1. To prepare the fixative solution, add 10 mL of 4% PFA solution and 600 µL of 10% Triton X-100 to 30 mL of 1X PBS, mix well, and adjust the pH to 9.2 with 1 N HCl or 1 N NaOH. Store the fixative solution in a 50-mL conical tube wrapped in aluminum foil at room temperature (for no more than 4 weeks).
  4. Prepare wash solutions (while slides are drying the last 30 min) with Photo-Flo 200: 0.4% Photo-Flo 200/PBS (320 µL of Photo-Flo 200 in 80 mL of 1X PBS) and 0.4% Photo-Flo 200/dH2O (160 µL of Photo-Flo 200 in 40 mL of ultrapure laboratory grade water). Use a 50 mL Coplin jar filled with 40 mL of solutions to wash 10 or fewer slides at a time.
  5. Prepare the following instruments: 1 pair of surgical scissors (to incise the skin), 1 pair of fine tip surgical scissors (to incise the peritoneum), 2 pairs of straight fine tip forceps (to dissect out each testis), 1 straight edge razor blade (to incise each testis), 2 pairs of curved tip forceps (to immobilize each testis and squeeze out the seminiferous tubules), 50 mL Coplin jars, Teflon printed 3 ring slides, 1 scalpel with size 11 blade, humidified chamber, 100 x 15 mm Petri dishes, fine tip permanent marker or pencil, and a platform rotating shaker.
    1. Place premium uncharged precleaned frosted end glass slides upright in a 50 mL Coplin jar filled with fixative solution until use.
      NOTE: Pencil is preferred if slides will be used subsequently in procedures requiring ethanol, such as fluorescence in situ hybridization.

2. Spermatocyte nuclei spreading

  1. Euthanize a male mouse according to institutional guidelines (e.g. cervical dislocation with or without CO2 asphyxiation).
  2. Use P10 - P20 males to evaluate meiotic cells in the first wave of spermatogenesis; we routinely use P15 - P17 males to obtain cells from all substages of prophase I. Adult testes will provide cells from prophase I too, but they will also yield more postmeiotic cells, such as spermatids.
  3. Harvest and weigh the testes (record the paired weights); then place them into a Petri dish containing a few drops of cold HEB to keep them moist.
  4. Hold the testis against the bottom of the dish with curved tip forceps and use a straight edge razor blade to make a small vertical midline incision through the capsule of the testis. While still holding the testis against the bottom of the dish with one forceps, use a second set of curved tip forceps or straight edge razor blade to gently squeeze the seminiferous tubules from the testis.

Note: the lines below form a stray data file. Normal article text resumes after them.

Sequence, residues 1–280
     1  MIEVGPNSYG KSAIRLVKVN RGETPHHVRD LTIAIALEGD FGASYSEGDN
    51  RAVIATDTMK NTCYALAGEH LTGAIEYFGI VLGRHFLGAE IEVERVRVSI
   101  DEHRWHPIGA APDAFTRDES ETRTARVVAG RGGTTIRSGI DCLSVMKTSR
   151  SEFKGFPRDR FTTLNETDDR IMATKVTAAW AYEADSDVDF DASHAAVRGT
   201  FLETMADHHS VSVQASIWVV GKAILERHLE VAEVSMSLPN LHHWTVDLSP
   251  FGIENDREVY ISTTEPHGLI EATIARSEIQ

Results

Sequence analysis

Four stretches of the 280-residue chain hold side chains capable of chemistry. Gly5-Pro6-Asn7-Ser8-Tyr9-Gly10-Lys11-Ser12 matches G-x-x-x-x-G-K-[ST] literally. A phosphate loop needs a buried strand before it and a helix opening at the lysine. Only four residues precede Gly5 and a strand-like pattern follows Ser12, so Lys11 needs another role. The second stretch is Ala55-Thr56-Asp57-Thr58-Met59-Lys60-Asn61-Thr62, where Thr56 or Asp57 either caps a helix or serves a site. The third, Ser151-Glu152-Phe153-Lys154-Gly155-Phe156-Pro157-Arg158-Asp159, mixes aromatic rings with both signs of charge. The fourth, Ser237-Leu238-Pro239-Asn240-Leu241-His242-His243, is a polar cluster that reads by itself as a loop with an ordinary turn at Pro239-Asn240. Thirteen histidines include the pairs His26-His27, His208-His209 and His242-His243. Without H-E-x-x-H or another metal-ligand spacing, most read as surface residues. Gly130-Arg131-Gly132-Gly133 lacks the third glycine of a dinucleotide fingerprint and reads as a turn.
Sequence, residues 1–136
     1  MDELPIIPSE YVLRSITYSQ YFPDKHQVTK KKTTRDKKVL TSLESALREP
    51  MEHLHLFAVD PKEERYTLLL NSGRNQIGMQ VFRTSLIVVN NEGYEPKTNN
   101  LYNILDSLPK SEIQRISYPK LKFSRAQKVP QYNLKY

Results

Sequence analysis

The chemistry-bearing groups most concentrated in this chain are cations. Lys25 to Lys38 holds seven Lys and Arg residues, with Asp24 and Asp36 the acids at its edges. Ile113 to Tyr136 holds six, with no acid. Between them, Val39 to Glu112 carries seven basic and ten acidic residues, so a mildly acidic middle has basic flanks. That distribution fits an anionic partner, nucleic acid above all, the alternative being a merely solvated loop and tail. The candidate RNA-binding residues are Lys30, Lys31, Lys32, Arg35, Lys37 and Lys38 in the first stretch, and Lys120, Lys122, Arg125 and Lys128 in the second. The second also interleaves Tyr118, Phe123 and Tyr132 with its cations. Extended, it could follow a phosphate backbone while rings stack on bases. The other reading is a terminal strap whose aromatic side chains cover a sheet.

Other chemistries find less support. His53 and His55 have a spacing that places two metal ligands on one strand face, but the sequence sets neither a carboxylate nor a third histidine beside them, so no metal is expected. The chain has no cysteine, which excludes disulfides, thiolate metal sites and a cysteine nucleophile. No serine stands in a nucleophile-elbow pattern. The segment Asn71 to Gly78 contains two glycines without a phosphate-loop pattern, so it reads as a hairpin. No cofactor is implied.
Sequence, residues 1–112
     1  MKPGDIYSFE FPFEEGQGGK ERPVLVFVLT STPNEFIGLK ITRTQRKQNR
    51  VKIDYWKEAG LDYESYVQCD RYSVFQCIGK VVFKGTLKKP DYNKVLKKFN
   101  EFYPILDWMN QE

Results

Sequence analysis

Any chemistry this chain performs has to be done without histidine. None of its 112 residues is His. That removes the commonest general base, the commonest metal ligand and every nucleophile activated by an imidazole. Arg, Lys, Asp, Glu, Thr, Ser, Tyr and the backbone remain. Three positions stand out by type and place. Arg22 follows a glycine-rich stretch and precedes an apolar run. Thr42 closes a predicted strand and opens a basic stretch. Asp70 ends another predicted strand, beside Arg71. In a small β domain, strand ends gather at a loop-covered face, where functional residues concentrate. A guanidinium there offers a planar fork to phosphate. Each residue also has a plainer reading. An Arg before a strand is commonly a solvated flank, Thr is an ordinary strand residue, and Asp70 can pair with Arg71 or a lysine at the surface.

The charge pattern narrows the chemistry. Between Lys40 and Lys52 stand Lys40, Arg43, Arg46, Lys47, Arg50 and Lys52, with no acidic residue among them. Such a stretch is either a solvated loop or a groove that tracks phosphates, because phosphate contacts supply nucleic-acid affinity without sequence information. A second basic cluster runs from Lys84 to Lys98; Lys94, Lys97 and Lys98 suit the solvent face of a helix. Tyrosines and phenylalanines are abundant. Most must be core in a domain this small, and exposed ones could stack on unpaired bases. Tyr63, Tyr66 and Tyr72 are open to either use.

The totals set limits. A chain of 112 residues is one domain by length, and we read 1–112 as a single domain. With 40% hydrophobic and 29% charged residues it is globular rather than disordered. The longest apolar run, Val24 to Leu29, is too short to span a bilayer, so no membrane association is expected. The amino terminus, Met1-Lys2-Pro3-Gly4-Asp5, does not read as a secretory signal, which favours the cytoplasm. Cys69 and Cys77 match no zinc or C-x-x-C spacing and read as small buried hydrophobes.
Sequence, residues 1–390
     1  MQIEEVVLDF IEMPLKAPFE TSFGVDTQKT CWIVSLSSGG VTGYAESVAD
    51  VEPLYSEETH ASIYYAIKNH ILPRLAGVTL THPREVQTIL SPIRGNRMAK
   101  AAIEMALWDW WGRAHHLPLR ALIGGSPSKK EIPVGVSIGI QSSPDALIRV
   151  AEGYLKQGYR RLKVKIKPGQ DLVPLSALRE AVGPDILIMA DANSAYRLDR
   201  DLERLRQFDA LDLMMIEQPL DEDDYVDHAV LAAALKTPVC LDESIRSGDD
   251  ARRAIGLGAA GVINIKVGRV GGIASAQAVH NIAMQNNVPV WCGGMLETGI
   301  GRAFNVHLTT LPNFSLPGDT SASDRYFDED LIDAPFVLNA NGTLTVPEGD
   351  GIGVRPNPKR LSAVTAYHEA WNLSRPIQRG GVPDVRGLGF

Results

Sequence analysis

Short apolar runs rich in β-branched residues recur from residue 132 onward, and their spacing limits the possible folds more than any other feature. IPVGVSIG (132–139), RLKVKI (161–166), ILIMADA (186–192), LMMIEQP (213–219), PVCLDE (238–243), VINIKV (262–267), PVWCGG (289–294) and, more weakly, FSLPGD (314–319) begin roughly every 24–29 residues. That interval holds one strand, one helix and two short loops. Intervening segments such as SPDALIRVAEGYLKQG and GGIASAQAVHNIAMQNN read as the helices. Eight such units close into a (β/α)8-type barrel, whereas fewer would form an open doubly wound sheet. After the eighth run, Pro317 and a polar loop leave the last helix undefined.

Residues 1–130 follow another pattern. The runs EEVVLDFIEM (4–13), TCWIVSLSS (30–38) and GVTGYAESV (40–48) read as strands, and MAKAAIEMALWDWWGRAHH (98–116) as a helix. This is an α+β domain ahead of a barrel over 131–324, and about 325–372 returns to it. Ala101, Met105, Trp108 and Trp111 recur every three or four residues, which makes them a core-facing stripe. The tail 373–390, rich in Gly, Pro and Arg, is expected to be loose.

1. Place the tubules into a 15 mL conical tube containing 10 mL of cold HEB, taking care to avoid putting pieces of capsule into the tube. Repeat these steps with the second testis.
  5. Incubate the decapsulated seminiferous tubules in the conical tube containing HEB on ice for 30 - 60 min, depending on the size of the testes. Incubate seminiferous tubules from a pair of testes weighing 30 mg or less for 30 min, tubules from a pair of testes weighing 31 to 50 mg for 30 - 45 minutes, and larger testes for 60 minutes. Do not alter the times for a single testis.
    NOTE: The optimal incubation time may vary depending on the experience of the experimenter, the reagents used, and the mice being analyzed.
  6. While seminiferous tubules are incubating in HEB, use a marker or pencil to label the frosted ends of precleaned slides with mouse number, slide number, and date. Then place the pre-cleaned slides in a Coplin jar containing the fixative solution.
  7. Following incubation, pour tubules and HEB into a clean Petri dish, and separate tubules into approximately 3 mm diameter clumps. Each clump yields 2 slides and the number of slides yielded depends on the size of testes.